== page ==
Inslee signs four more bills by local legislators


Gov. Jay Inslee’s slate of signed bills from the 2022 Legislative Session continues to grow, as four lawmakers representing north Clark County had their bills signed in the past two weeks. 

Rep. Larry Hoff, R-Vancouver, had his second bill passed by the Legislature this year signed on March 24. House Bill 1641 reinstates a business and occupation (B&O) tax credit for custom farming services and a public utilities tax exemption for hauling farm products.

Initially enacted by the Legislature in 2007, both exemptions expired at the end of 2020, according to a Senate bill report. 

Proponents testifying in the house said that without the bill, a farm operation might have had to write multiple checks to employees who worked at various operations owned by a farm to avoid paying B&O taxes from transferring funds among the different operations. Multiple checks could become a financial burden for workers who use check cashing services in order to receive their pay.

“Without this bill, there will be additional paperwork, multiple paychecks, and unneeded confusion,” testimony in the Senate bill report stated.

The bill passed the House unanimously and the Senate by a 47-2 vote.

Sen. John Braun also had one of his bills signed on March 24. Substitute Senate Bill 5790 requires the state Department of Social and Health Services (DSHS) to establish a “School to Work Program” in all counties in the state for individuals with intellectual and developmental disabilities. 

When students have access to the services, individuals with intellectual and developmental disabilities are three times more likely to be employed after leaving school at the age of 21, a news release from Braun’s office stated after the signing. He said the law extends the services into rural counties.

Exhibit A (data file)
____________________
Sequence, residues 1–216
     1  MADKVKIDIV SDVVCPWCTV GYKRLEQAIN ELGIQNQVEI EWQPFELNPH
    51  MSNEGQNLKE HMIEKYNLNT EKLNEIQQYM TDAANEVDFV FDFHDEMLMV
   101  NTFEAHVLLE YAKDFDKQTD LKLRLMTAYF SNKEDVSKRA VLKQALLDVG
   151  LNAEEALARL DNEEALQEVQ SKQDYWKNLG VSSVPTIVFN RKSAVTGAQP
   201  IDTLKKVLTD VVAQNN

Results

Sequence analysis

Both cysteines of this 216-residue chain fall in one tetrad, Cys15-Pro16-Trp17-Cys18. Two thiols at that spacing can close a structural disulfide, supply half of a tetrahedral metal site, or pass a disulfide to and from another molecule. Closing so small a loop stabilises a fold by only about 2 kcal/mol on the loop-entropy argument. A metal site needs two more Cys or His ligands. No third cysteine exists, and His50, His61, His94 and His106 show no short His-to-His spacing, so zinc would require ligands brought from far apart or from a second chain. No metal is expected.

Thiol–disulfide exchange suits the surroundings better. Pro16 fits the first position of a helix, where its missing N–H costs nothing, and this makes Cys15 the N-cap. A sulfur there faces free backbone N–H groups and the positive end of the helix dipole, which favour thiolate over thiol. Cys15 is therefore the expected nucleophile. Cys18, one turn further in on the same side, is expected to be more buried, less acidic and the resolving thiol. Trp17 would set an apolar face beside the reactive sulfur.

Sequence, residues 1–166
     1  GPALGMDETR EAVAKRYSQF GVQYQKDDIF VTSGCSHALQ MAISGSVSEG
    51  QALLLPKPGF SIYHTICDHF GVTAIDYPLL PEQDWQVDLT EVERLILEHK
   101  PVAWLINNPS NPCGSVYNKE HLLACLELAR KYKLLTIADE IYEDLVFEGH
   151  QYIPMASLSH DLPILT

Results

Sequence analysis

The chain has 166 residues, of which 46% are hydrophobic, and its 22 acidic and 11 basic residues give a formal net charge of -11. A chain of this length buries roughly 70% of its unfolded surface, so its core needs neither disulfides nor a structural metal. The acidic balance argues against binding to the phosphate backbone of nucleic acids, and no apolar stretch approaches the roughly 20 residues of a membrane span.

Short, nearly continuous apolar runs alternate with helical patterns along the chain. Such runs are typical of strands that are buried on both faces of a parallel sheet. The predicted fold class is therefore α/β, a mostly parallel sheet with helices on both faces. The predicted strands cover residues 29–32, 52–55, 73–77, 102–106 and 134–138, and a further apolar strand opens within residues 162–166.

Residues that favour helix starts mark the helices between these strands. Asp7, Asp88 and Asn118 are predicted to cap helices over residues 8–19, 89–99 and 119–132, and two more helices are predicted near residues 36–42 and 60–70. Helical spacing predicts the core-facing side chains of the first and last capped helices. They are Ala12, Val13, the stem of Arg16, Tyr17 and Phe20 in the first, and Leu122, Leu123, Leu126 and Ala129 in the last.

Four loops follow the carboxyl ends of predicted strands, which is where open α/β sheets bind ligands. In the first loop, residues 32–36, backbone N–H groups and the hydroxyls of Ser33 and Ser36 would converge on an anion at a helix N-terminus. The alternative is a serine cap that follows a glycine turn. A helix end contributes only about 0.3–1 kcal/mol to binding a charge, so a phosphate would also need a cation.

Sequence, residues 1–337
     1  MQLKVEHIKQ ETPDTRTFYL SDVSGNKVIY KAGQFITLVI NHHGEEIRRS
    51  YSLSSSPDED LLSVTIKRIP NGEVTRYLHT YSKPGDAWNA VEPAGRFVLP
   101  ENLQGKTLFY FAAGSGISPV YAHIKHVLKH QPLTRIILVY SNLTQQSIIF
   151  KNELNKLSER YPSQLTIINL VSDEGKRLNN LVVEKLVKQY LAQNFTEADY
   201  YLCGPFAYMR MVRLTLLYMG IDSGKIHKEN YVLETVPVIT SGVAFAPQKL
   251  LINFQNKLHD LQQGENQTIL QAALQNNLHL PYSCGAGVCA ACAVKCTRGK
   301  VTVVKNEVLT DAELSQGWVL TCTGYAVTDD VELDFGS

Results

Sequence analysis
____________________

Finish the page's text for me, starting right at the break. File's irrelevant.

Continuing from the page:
Braun, who has been critical of many items approved this legislative session, called the legislation “one of the bright spots” for 2022 lawmaking in Washington.

“The goal of this new law is to make sure clients across our state have equitable access to these critical services, no matter where they call home,” Braun stated in the release.

The substitute Senate bill passed both the House and Senate unanimously.

Braun had an additional bill signed during a round of approvals by Inslee on March 30 with a similar focus. Substitute Senate Bill 5819 dedicates employees from the Developmental Disabilities Administration (DDA), a subdivision of DSHS, to handle the “no-paid services” caseload.

Many individuals who start the eligibility process through the DDA do not have a current need for services, a Senate bill report explained. Beginning the process can make it quicker to access services when they are needed.

In 2011, the DDA stopped providing case management services to those in the no-paid services caseload due to budget constraints, according to the bill report.

The bill requires the DDA to hire two full-time employees to review and maintain the no-paid services caseload. Their duties will include updating eligibility numbers and identifying how many individuals may be interested in receiving the services in the next year. The bill also requires the administration to provide resource management services to those clients.

SSB 5819 also passed both the House and Senate unanimously.

Sen. Lynda Wilson, R-Vancouver, also had one of her bills signed on March 30. Senate Bill 5612 ensures domestic violence survivors have the opportunity to make statements during sentencing hearings for all domestic violence convictions.

Although statements following a conviction are currently guaranteed for felony cases, the bill extends that right to any domestic violence conviction, Wilson stated in a news release.

“It’s not just important for victims and their families as part of the healing process, but it’s important for all of us to hear what victims have to say,” Wilson stated.

SB 5612 received unanimous support in both the House and Senate. 

Wilson related that support to momentum from her 2020 Tiffany Hill Act, which allowed electronic monitoring and real-time notification for domestic violence survivors if their attacker is nearby.

That law was named after Hill, who in 2019 was fatally shot by her estranged husband.

“I have no question that Tiffany Hill’s compelling story is behind the new level of resolve across the Legislature I’ve sensed when it comes to (domestic violence) issues,” Wilson said. “I’ll say it again: Tiffany may be gone, but she continues to serve.”


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